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Article: How often should you exfoliate your face?

natural ingredients for sugar scrub
Raw Education

How often should you exfoliate your face?

If you’re wondering how often should you exfoliate your face, you’re absolutely not alone. This is a highly common question. While we know to moisturize each day and brush our teeth both morning and night, there isn’t as a hard line of a rule for exfoliating. 

Wanting clear, glowing skin that makes you smile upon passing a mirror, you’re happy to exfoliate as needed but don’t know how many times is too much or too little. That’s why, in this blog, we’re going to go into:

  • How much you should actually exfoliate your skin (it’s quite surprising)
  • The #1 lies the beauty industry has shared around exfoliating products
  • Natural scrubs you can make at home with common kitchen ingredients - that also smell fantastic 

Okay, let’s get you on the road to feeling confident about the frequency of exfoliating and (very importantly) the types of exfoliants to avoid at all costs if you want better skin. 

So, how often should you exfoliate?

The #1 mistake most people make in skincare is over-exfoliation.

skin exfoliation

It’s most likely you’ll want to reduce the amount of times you exfoliate because it is likely contributing to skin challenges you don’t want. 

While exfoliating less often may seem counterintuitive to achieving glowing skin, here’s why. 

Each time we scrub off dry skin or exfoliate in an attempt to reduce oily appearance, our skin ends up being overly treated with harsh stripping of the skin’s natural oils and needs. The natural oils of the skin helps to heal it, keep the skin nourished and even heal itself. Whether trying to scrub to get rid of acne scars, eczema or other skin challenges, know there are downsides to too much scrubbing. 

What happens if you exfoliate too much? 

If you exfoliate too often, even a few times a week, this can lead to your skin becoming irritated. Irritated skin is likely to not only dry out and create even more patches but lead to other symptoms and skin issues as well. In short, over-exfoliating often leads to skin becoming worse, explains Joshua Zeichner, Director of cosmetic and clinical research in dermatology at Mount Sinai Hospital in New York City. [source]

Why exfoliating isn’t the helpful, healing beauty routine we think

The #1 issue is that most exfoliators in the market are highly abrasive. 

Common exfoliating products are quick to aggravate inflammatory acne, or even make it worse over time. While lathering the product on may feel nice at that moment, or even help for a few days, the long-term damage is real. 

For rosacea or skin prone to skin flare ups, here’s what to know

Individuals with rosacea should also be careful with exfoliation because too much exfoliating can easily increase facial redness. Why? Aggressive exfoliation may result in postinflammatory hyperpigmentation (PIH), or the appearance of dark spots on the skin in a few people. For those prone to hyperpigmentation (for instance, if you tend to be left with dark marks and spots after a break out or bug bite), it’s actually best to avoid “mechanical” exfoliation as much as you can.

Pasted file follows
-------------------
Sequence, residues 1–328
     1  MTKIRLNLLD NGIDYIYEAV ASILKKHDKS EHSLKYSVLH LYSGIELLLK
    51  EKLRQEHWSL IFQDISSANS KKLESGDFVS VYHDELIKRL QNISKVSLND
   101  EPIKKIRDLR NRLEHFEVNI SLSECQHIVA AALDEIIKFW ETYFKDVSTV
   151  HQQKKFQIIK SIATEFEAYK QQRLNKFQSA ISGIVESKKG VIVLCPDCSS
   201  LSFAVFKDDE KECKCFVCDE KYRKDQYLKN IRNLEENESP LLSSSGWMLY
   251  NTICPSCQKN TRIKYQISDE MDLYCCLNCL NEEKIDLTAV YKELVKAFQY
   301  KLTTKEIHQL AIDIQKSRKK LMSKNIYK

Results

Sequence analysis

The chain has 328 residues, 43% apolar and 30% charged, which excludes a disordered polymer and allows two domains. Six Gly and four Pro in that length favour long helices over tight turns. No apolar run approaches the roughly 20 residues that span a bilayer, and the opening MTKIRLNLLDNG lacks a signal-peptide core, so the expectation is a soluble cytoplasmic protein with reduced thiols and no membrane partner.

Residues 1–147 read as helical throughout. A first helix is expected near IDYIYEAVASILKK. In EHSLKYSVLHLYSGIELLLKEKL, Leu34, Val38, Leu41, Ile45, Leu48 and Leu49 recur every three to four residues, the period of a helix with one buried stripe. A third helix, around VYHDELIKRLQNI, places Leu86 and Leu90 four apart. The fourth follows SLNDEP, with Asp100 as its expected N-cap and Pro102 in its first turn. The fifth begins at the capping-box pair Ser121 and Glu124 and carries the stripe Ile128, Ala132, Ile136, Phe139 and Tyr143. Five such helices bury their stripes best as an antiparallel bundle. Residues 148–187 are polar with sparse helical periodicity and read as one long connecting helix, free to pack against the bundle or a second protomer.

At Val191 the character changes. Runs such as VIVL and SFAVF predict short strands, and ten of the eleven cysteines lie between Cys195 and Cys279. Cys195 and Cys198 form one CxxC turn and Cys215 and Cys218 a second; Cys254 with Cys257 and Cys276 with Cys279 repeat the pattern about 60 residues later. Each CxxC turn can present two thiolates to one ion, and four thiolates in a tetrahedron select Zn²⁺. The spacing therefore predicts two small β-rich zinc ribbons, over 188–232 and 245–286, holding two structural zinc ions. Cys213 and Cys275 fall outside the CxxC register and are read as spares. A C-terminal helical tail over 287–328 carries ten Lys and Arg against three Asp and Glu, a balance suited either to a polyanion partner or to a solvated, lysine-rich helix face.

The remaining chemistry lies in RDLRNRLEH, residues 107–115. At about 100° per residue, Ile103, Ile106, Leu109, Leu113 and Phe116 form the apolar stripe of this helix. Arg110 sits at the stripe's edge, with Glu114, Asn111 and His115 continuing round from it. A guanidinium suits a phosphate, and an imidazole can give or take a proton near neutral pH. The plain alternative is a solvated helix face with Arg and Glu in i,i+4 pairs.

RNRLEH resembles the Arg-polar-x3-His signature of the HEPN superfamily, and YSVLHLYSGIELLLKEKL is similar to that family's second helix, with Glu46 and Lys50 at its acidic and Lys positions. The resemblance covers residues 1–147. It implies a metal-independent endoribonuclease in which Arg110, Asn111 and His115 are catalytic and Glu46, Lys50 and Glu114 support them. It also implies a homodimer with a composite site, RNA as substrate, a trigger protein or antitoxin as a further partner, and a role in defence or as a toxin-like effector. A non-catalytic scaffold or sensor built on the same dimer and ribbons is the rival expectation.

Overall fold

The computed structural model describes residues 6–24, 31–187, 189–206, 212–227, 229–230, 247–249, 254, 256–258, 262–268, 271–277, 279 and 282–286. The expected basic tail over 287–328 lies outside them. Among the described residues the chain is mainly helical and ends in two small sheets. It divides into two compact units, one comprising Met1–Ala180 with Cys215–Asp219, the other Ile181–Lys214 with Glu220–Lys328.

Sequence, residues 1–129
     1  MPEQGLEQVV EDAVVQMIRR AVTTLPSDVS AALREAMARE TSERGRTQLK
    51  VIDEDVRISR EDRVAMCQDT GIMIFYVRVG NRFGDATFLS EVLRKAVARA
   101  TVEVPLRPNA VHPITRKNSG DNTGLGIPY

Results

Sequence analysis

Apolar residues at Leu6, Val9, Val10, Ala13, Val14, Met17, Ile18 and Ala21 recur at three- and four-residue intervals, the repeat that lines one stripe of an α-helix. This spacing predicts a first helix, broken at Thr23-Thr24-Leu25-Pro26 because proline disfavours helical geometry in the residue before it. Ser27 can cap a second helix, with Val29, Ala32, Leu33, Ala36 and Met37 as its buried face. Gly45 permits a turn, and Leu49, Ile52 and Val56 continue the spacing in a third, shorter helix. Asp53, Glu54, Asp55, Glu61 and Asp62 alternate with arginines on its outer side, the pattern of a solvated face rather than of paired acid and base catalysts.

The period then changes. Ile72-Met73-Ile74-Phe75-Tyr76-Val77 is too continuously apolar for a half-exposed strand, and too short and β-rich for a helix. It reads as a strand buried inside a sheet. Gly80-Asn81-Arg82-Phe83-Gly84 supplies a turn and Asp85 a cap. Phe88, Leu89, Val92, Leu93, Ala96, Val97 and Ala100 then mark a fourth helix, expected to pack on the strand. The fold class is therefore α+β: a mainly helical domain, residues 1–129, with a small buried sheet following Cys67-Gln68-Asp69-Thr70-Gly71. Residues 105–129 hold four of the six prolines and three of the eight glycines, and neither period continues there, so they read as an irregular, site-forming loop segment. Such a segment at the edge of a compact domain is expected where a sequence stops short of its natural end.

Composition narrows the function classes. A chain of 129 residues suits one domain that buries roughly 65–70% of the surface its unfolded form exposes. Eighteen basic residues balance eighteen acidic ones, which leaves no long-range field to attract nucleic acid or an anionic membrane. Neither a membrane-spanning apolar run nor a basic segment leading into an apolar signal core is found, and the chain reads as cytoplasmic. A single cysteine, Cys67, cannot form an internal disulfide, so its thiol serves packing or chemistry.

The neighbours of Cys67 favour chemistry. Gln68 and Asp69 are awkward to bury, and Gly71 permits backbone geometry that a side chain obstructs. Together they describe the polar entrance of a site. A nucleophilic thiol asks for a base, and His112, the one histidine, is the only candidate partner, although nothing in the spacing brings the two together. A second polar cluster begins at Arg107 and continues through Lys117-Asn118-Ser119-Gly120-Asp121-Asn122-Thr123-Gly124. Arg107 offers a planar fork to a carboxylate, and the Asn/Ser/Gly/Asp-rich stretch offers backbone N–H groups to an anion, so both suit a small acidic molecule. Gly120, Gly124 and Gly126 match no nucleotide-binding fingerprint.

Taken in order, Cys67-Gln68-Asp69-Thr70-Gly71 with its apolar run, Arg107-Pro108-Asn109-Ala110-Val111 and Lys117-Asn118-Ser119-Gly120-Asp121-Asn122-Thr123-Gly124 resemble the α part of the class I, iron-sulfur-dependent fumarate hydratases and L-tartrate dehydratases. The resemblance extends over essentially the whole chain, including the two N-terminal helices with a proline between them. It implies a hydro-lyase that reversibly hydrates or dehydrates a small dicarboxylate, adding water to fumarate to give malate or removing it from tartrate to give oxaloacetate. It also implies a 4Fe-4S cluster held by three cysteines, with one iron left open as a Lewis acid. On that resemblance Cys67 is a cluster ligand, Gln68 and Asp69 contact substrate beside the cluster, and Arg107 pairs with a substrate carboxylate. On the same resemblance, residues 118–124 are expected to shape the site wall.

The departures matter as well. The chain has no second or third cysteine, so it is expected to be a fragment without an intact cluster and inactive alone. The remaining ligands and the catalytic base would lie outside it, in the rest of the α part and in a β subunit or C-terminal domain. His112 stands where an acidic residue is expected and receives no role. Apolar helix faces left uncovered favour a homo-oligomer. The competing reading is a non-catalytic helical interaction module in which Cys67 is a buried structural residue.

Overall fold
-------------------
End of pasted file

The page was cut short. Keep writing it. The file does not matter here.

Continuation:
Additionally, know that exfoliation can worsen other skin conditions like herpes simplex, molluscum contagiosum and warts, because these conditions include raised, fluid-filled bumps that could open and become infected. 


girl popping pimple on face

The beads that make skin “feel nice and tingly”

When you squeeze the tube of your exfoliating product, a cream comes out that has those tiny beads. As your hands work the products onto your cheeks, jawline and forehead, it feels like each of these tiny balls is scrubbing into the pores and making the skin squeaky clean - like tiny loofahs used in the shower. 

Here is the problem. 

Most microbeads in exfoliators are tiny balls made of plastic, designed to physically buff the skin to remove dead skin cells, without much focus on consequences for what  they’ll do later. 

Being made of unnatural plastic, here are a few repercussions of most microbeads. 

The harsh chemicals that are harming your skin - when promising to help it

There are millions of products in the beauty industry, made for exfoliation. However, these products contain startling ingredients that aren’t even allowed in other countries. 

Most exfoliators you find at the average drugstore or beauty counter appear lovely and promise such help to your skin, but they do more harm than good, hurting your skin. 

It’s common that exfoliators, maybe even what’s in your bathroom cabinet right now, contain: 

  • Plastics
  • Irritating fragrances 
  • Glycerin
  • Parabens
  • Phthalates and other questionable ingredients

face products

These commercial products can do a lot of damage to the delicate facial skin [source]

Microbeads harm the environment, especially sea creatures

Since microbeads are made of plastic, these tiny make-skin-smooth balls don’t break down easily. After scrubbing the product onto your skin and it shooting down the drain, these tiny pieces of plastic eventually make their way into the ocean. Microbeads are harmful to sea life, especially because they can be ingested and cause health problems for sea creatures.

Studies have found that a single tube of product that contains microbeads can wash anywhere from approximately five thousand, to one-hundred thousand microbeads into the eco-system.